Another noticeable change over the past 18 months is the emphasis of Malik’s sales pitch.
Malik says that Major League Soccer has been kept abreast of all possible DESC locations. “If we are fortunate enough to get a MLS franchise sooner rather than later, it will be hugely advantageous that we have a downtown stadium with a fabulous development around it,” he said.
“A lot of communities have been making bids for these MLS expansion spots for a long time,” Malik continues. “I’ve been asked do I think we’re the next slot. No, I do not. Do I think we’re a top 36 market for MLS? Yeah, absolutely, and every other major league in our country has gone up to 36 teams. We’re going to keep improving our position.”
Major League Soccer’s last three expansion invitations – to Nashville, Cincinnati and Austin –leaves one expansion slot available short of the league’s stated goal of 28 markets. However, during his annual state of the league address last December, Garber opened the door for possible expansion beyond 28 teams.
However, once touted as a MLS stadium first, Malik now underscores the multi-use function of this retail and sports complex. Other projects he cites as illustrative examples include The Battery Atlanta, L.A. Live, and the development around Detroit’s Little Caesars Arena.
“This is not about MLS,” Malik states. “If I have any regrets about our focus over the last 18 months in terms of public message, it would be too heavy on building an MLS stadium. In fact, when I presented last Thursday to the city and county, we presented as the Downtown Entertainment and Sports Center, not as North Carolina FC. What I’ve learned, listening to people the last 18 months, is that there’s an opportunity for Raleigh to get many more events … and we need a downtown venue that is outdoors with that sort of seating capacity.”
As one example, Malik cites the NCFC Youth tournaments series, which book 31,000 hotel rooms a year. “Of those, right now only 21,000 happen in Wake County because we need more facilities. We need a centralized location for referee scheduling, tournament scheduling, a capstone game, etc.”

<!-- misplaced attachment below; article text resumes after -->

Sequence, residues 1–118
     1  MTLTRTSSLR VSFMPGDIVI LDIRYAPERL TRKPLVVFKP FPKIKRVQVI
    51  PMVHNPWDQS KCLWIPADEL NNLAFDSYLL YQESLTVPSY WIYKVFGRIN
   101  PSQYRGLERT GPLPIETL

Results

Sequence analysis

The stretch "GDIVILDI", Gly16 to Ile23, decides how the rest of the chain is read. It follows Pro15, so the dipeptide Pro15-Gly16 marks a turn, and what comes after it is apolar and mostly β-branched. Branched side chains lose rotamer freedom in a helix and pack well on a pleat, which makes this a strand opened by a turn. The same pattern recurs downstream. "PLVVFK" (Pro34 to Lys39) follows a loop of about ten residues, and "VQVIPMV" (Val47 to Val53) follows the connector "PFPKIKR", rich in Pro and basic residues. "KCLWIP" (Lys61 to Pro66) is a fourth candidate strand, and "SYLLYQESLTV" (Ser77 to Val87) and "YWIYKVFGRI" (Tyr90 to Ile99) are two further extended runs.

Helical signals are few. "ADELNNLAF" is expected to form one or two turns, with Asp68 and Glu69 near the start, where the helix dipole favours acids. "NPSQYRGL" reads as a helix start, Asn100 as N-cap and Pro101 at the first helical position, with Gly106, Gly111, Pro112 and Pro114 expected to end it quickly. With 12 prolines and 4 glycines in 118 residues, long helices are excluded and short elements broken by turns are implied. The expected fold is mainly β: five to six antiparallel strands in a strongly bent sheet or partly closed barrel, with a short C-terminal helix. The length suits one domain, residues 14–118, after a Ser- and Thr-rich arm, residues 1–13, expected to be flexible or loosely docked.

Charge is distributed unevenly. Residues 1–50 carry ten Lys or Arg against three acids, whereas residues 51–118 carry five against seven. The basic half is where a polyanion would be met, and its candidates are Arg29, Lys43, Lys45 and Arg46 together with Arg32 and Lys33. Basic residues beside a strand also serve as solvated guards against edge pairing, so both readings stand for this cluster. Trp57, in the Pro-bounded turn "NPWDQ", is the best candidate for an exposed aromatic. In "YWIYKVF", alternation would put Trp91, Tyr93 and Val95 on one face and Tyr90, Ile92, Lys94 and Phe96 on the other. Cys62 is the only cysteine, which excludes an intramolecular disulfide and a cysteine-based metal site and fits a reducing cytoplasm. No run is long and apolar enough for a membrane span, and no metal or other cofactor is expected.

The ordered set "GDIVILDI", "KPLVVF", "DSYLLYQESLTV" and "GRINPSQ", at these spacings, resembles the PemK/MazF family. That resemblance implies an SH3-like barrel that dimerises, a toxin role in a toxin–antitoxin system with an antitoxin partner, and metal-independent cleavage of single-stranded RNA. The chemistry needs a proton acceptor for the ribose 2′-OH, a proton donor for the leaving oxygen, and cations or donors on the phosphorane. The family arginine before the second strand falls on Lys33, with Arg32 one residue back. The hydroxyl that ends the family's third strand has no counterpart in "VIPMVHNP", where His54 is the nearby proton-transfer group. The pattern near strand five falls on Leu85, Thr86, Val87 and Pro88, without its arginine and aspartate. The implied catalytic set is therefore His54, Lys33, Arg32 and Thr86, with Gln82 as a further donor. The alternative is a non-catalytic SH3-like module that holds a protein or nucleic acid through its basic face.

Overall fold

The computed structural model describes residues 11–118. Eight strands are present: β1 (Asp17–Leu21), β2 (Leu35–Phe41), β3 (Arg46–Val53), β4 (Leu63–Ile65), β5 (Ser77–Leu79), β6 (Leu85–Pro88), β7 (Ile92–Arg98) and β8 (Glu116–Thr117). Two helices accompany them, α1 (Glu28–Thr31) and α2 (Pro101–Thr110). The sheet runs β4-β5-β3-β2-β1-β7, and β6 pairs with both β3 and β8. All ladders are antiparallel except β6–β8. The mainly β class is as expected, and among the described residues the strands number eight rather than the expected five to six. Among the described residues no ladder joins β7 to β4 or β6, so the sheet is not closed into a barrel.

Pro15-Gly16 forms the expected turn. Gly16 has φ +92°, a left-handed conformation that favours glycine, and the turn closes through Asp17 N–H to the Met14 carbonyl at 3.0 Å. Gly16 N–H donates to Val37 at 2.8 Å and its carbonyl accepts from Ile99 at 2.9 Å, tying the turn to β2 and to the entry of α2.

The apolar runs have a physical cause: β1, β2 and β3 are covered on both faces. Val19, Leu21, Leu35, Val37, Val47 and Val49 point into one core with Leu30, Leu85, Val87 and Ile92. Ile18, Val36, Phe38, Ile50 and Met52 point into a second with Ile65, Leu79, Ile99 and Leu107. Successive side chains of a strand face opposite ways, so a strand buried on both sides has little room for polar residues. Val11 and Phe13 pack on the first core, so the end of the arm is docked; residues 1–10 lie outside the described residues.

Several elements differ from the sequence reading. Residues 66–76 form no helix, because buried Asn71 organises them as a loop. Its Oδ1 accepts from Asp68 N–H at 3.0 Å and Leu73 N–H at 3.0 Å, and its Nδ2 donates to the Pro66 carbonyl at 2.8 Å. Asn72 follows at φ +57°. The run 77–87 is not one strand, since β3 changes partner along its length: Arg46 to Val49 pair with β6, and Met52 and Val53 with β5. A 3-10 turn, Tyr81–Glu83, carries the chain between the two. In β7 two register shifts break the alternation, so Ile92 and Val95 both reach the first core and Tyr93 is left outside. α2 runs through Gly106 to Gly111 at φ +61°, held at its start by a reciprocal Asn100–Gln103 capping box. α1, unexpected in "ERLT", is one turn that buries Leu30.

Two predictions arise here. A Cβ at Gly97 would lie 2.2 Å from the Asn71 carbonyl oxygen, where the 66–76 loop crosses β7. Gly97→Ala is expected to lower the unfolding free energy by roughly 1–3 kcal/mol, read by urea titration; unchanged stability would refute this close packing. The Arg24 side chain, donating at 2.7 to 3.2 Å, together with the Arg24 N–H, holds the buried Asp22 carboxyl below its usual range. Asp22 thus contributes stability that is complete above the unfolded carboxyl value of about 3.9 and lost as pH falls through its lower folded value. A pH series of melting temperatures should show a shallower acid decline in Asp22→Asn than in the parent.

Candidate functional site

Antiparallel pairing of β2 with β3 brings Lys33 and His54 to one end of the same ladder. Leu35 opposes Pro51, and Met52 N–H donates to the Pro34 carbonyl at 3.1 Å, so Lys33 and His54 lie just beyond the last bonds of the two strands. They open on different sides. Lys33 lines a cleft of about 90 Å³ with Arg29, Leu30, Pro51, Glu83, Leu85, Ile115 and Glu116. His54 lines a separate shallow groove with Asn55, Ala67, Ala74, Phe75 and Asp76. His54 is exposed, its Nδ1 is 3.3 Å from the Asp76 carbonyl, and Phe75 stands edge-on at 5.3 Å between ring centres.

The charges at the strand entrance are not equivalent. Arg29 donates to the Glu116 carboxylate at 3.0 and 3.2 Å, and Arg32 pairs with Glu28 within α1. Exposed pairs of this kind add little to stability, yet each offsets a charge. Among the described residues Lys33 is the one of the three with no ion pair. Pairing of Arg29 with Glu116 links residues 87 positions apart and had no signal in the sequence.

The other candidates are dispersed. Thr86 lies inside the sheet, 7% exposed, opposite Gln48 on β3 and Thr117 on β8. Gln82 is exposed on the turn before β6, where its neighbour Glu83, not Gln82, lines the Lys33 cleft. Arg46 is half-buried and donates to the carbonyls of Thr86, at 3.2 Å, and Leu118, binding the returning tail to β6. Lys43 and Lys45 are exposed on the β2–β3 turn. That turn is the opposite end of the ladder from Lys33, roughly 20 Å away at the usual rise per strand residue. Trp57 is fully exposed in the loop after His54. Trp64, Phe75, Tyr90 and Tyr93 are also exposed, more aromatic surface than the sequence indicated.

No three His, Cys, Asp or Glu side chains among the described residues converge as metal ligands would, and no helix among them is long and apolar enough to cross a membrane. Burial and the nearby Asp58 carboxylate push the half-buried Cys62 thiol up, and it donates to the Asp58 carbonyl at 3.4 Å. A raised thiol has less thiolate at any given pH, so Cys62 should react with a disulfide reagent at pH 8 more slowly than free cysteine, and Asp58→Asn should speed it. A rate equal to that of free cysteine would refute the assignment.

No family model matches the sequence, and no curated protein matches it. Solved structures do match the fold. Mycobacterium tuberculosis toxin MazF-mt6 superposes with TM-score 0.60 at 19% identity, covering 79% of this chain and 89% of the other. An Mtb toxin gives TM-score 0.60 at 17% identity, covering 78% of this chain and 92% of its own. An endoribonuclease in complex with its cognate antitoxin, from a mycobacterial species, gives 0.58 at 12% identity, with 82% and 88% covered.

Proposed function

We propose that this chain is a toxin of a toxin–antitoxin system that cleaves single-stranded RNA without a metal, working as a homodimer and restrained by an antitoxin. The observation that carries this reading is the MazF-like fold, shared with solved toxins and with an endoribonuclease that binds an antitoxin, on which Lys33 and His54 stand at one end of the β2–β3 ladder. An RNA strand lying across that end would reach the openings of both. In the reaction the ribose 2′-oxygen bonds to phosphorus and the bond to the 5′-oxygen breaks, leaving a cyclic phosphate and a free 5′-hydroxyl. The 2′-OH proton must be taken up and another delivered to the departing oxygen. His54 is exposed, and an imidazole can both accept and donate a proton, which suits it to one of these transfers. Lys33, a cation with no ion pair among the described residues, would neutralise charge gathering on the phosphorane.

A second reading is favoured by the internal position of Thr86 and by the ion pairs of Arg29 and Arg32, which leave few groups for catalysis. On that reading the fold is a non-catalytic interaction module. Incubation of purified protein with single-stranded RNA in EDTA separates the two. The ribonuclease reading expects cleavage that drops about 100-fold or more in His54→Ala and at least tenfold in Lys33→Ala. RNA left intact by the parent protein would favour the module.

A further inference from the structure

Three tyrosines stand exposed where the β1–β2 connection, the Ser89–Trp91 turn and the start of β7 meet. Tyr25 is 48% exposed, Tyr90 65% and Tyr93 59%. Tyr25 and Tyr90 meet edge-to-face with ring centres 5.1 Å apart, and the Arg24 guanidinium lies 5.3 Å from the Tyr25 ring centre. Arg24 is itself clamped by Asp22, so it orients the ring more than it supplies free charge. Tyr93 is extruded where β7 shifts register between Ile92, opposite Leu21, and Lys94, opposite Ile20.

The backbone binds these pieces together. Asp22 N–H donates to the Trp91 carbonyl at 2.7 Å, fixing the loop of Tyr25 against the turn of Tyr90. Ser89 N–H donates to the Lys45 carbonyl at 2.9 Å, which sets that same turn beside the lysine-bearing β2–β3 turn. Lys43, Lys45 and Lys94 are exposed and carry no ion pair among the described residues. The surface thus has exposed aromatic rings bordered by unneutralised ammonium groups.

Malik says his North Carolina FC and NC Courage teams will be the anchor tenants for the stadium portion of the DESC, under a lease that matches the term of the financial commitment. However, he stresses that will the occur regardless of whether MLS comes to town or not.
“I’ve been asked, ‘When are we going to get a pro team?’” Malik continues. “There’s an awareness challenge in the market, that you either have MLS or you don’t have soccer. In a community where we have 14,000 kids playing in our youth club, soccer in this market is about a lot more than whether you just have an MLS club. We have a great club, and we’re going to have the best soccer club in the country, and it’s going to have pro soccer.
“Would an MLS franchise be great? Yeah. But we have soccer. We’re going to draw a lot better when we provide people with a better gameday experience in a downtown location.”
Ultimately, the Raleigh City Council and Wake County Commissioners will vote on the allocation of the interlocal tax funds. First, there will be a recommendation made by the city and county managers, with information obtained from the working group they’ve established, and the process of deciding how much tax funding will be available is already underway. Malik says we could see recommendations as early as April, with a possible RFP process to finalize the funding consideration coming later.
“I think we have the most competitive project that provides the highest return on investment with the best fit for overall impact in the region,” Malik contends. “We’re the only [project] who is coming to the table putting a billion and a half dollars of our own money on the table, which generates a tremendous amount of property tax.”